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Case law update: Religious Discrimination – Is banning headscarves in the workplace discriminatory?

No, according to the Court of Justice of the European Union (CJEU).

The CJEU in its decision in the case of ‘Achbita -v- G4S Secure Solutions NV’, has held that the banning of a headscarf does not constitute direct discrimination in the work place. The decision means that in theory employers can put policies in to place which ban the visible wearing of political, philosophical or religious symbols, should they choose to do so.

The wearing of religious symbols in the work place has been a hot topic in the press over the past 18 months and readers may recall the similar cases of ‘Bougnaoui -v- Micropole SA’, dealing with an employee wearing a hijab, and ‘Eweida -v- British Airways’, dealing with an employee wearing a cross necklace, both, notable cases which dealt with the wearing of visible religious symbols in the workplace.

The decision of the CJEU, has found that prohibiting an employee from wearing a headscarf can be justified by an employer’s general policy of neutrality. This can be justified where the ban is applied consistently to all visible signs of religious or philosophical beliefs. In this case, the employer, G4S operated a policy of ‘neutrality’, which prevented employees from wearing political or religious symbols.

The CJEU has held that G4S’ policy did not amount to direct discrimination on the grounds of religion as it was to be applied to all religious symbols. Accordingly, the policy did not treat one religion less favourably than another religion.

The outcome
If an employer has an internal policy which bans the wearing of visible political, philosophical or religious symbols in the workplace, such as a headscarf, it will not amount to direct discrimination based on religion or belief, if it is part of a policy of neutrality. Employers should however, note that such a ban could potentially constitute indirect discrimination if the neutral obligation it imposes means that employees with certain beliefs, or those following a particular religion are being put at a disadvantage.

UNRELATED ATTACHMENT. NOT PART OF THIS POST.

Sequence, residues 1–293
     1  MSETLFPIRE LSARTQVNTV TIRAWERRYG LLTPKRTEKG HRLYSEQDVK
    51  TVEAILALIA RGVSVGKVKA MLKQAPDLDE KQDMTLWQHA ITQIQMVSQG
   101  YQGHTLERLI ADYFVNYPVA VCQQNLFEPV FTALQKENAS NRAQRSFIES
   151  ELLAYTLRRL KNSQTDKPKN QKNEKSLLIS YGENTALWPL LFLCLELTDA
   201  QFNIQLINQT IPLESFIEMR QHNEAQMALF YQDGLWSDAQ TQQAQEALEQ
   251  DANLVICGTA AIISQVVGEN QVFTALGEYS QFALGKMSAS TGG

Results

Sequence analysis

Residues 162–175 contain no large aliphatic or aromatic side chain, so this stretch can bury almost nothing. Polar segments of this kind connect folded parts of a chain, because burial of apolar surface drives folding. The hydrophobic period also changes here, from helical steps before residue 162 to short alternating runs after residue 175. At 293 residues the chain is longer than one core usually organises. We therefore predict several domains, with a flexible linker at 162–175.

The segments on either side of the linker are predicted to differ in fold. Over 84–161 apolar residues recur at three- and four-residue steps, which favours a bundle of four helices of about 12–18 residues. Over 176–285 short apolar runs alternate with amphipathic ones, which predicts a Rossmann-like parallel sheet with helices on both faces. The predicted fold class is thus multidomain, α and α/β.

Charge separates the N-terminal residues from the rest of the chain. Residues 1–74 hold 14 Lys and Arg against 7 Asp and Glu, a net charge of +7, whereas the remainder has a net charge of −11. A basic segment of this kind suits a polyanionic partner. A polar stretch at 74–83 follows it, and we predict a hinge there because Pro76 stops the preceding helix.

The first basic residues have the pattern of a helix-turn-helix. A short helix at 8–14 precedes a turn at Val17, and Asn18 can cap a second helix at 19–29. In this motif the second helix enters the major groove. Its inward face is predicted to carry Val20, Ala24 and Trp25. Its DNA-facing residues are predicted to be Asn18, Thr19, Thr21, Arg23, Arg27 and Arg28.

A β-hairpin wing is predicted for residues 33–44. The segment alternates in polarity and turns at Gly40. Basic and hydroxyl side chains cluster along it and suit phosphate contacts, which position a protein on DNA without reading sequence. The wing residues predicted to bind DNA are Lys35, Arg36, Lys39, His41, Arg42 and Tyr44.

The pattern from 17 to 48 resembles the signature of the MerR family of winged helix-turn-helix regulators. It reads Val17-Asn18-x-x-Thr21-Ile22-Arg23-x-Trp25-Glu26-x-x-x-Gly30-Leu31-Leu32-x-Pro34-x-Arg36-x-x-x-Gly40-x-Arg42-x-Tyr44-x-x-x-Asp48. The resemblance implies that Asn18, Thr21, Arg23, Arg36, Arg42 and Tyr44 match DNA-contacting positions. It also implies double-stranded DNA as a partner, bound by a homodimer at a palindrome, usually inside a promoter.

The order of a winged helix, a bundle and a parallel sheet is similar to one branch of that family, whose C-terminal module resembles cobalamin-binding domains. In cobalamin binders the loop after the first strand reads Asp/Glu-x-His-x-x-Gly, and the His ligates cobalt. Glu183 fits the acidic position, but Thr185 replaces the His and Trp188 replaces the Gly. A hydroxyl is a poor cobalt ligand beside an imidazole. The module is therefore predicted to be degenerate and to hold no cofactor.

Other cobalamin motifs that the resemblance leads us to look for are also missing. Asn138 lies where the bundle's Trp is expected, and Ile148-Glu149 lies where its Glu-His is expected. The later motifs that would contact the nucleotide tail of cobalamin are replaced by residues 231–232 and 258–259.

What does this mean for business?
This judgment really demonstrates to business’ the importance of having clear and well drafted policies in place, which must be applied equally to all staff.

The ruling does not mean that a business can place outright bans on religious clothing in the workplace, and employers should be cautious of imposing bans. We would advise that forethought is given when considering putting such a policy in place, the business should ask itself; what is the reasoning behind the policy? what impact will this have on the staff, and will it potentially affect morale? How are staff likely to react to such a policy? and, would it be a policy that would affect one particular section of the workforce only and not others?

Despite the ruling in this case, there is the potential for employers to fall foul of discrimination law when implementing policies such as these. All employers should adopt a cautious approach when considering putting bans/prohibitions in place, and always seek legal advice before taking any action.

Should you have any questions on this topic, or if you need advice with regards to any existing or new policies, please contact Lindsey or Sarah on 0161 478 3800 or email us at [email protected]


Case law update: Religious Discrimination – Is banning headscarves in the workplace discriminatory?

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